What’s in the Dems’ Inflation Reduction Act, Health Care, Climate, and Tax Bill?

Washington – More than a year after President Biden unveiled his sweeping domestic spending plan, the Senate on Sunday approved a narrower $740 billion package which aims to tackle healthcare costs, tax big corporations and make historic investments in the fight against climate change.

The plan, called the Inflation Reduction Act, passed the upper house along party lines, with Vice President Kamala Harris casting the tie-breaking vote. Democrats used a legislative process called budget reconciliation to pass the measure amid unanimous opposition from Republicans.

The House is set to return to Washington briefly from its summer break on Friday to take up the package, and is expected to send the bill to Mr. Biden’s desk for his signature.

The 50-50 Senate passage of the legislation ended a months-long fight over the president’s domestic policy priorities, with negotiations underway. fit in and start like Senator Joe Manchin, a moderate Democrat from West Virginia, expressed concerns on new federal spending amid rising consumer prices.

But a breakthrough emerged late last month with a surprise deal between Manchin and Senate Majority Leader Chuck Schumer, with Democrats poised for a key victory as they battle to retain control of Congress in the November half term.

Here’s the new health, tax and energy care package:

Climate and energy

On Sunday, Schumer touted the plan as the “boldest climate package in American history.”

“This bill will usher in the era of affordable clean energy in America,” he said in remarks on the Senate floor. “It’s a game changer, it’s a turning point and it’s been a long time coming.”

The legislation invests nearly $400 billion in energy security and climate change proposals and would help reduce carbon emissions by about 40 percent by 2030, Democrats said in a summary of provisions.

To incentivize consumers to buy technologies to reduce emissions and energy prices, the bill includes $9 billion in home energy rebate programs, a $4,000 tax credit for buying used electric vehicles and a credit tax of $7,500 to purchase clean new vehicles, both available only to low- and moderate-income earners.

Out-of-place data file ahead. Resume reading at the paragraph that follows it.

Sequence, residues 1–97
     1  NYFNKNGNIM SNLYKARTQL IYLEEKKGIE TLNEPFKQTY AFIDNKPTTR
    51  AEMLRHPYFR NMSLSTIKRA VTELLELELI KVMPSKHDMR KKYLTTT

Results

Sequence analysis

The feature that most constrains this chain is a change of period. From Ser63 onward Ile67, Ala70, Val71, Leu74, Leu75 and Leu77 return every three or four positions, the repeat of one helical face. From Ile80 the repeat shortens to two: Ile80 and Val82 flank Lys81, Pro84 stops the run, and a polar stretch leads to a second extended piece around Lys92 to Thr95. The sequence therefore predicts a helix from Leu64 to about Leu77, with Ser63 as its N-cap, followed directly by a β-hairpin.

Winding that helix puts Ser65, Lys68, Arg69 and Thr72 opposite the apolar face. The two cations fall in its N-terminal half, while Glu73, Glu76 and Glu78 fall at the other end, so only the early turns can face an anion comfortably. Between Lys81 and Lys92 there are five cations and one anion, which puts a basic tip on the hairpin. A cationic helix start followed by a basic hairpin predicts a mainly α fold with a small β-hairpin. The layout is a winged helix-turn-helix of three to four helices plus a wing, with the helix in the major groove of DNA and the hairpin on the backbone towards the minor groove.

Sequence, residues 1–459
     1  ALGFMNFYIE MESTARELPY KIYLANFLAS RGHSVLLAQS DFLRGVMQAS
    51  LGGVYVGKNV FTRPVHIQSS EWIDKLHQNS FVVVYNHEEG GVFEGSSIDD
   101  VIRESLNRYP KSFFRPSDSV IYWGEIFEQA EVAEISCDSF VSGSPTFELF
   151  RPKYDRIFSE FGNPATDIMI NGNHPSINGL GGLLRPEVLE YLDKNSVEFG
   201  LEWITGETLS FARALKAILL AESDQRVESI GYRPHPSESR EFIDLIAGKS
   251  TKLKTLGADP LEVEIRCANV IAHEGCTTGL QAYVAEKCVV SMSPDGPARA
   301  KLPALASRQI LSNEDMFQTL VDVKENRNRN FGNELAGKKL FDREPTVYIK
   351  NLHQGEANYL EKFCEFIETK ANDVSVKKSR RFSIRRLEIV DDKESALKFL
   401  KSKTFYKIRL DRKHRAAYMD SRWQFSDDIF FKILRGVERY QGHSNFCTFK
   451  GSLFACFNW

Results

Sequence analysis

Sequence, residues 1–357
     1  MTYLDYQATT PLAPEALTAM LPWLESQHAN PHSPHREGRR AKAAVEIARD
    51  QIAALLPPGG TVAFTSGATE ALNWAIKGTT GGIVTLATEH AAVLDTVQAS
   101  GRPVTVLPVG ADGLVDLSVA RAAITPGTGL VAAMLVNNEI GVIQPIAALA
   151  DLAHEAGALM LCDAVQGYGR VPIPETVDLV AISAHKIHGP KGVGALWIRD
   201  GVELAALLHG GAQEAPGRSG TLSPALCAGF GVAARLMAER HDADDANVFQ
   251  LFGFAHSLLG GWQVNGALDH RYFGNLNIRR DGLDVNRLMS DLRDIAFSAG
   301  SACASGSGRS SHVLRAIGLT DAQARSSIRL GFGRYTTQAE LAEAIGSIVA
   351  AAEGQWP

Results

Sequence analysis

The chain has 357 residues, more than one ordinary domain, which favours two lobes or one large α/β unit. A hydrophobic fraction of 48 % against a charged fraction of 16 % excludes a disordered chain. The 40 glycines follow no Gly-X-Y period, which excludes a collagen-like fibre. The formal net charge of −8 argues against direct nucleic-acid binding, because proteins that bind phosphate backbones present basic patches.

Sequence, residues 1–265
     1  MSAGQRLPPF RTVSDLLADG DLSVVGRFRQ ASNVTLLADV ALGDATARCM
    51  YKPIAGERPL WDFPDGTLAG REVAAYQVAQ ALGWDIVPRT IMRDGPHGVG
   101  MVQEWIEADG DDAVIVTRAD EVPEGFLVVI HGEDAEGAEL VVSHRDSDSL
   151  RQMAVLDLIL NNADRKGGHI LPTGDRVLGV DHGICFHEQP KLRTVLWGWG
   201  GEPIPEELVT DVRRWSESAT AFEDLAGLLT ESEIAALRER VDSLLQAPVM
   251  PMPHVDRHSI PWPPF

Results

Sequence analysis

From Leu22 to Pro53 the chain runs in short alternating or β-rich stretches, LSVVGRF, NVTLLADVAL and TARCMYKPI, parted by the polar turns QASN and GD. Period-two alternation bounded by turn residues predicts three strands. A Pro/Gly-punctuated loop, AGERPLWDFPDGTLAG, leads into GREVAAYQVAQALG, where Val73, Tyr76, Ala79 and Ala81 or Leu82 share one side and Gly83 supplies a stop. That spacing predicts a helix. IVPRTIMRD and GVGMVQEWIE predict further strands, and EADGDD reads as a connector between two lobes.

The energy section of the bill invests $30 billion in production tax credits to accelerate American production of solar panels, wind turbines, mixers and processing of critical minerals; $10 billion in tax credits to build clean technology manufacturing facilities, such as those that make electric vehicles and solar panels; and $500 million through the Defense Production Act for heat pumps and critical minerals processing.

For rural communities, the plan invests more than $20 billion for “climate-smart agriculture practices,” grants for fire-resistant forests, forest conservation and urban tree planting, and $2.6 billion in subsidies for the conservation and restoration of coastal habitats.

It also imposes a charge of up to $1,500 per metric ton on oil and gas companies for methane emissions and reinstates oil and gas lease sales in the Gulf of Mexico and Alaska.

Tax revenues

democrats tax revenue proposal has two components: a minimum corporate tax of 15% imposed on most corporations earning more than $1 billion each year, and nearly $80 billion for stricter tax enforcement and compliance for part of the Internal Revenue Service.

Improved tax resources will bring in an additional $204 billion in revenue over a decade, according to the Congressional Budget Office.

The Democrats’ package will reduce federal budget deficits by $102 billion over 10 years, the agency found, an estimate that did not take into account new revenue from strengthening IRS enforcement.

The corporate tax provision was a point of contention as senators neared a final vote on Sunday. Seven Democrats joined all Republicans in passing an amendment introduced by Republican Sen. John Thune of South Dakota that exempts some private equity-backed companies from the 15 percent minimum corporate tax rate.

Health care

The new legislation includes a policy that allows Medicare to negotiate the price of prescription drugs starting in 2023, a Democratic priority expected to save hundreds of billions of dollars over the next 10 years. It also places a $2,000 annual limit on out-of-pocket costs for Medicare patients enrolled in drug plans.

For Medicare enrollees, the price of insulin is also capped at $35 per month. Democrats tried to waive the reconciliation rules and keep a provision that would have done so limits the price of insulin to $35 a month for those covered by private health care plans, but Republicans blocked the proposal.

Under the Democrats’ proposal, the Affordable Care Act’s enhanced subsidies would also be extended through 2025. The premium subsidies were included in the $1.9 trillion COVID-19 relief package dollars enacted last year and were due to expire at the end of the year.

Trending news

Source link

You May Also Like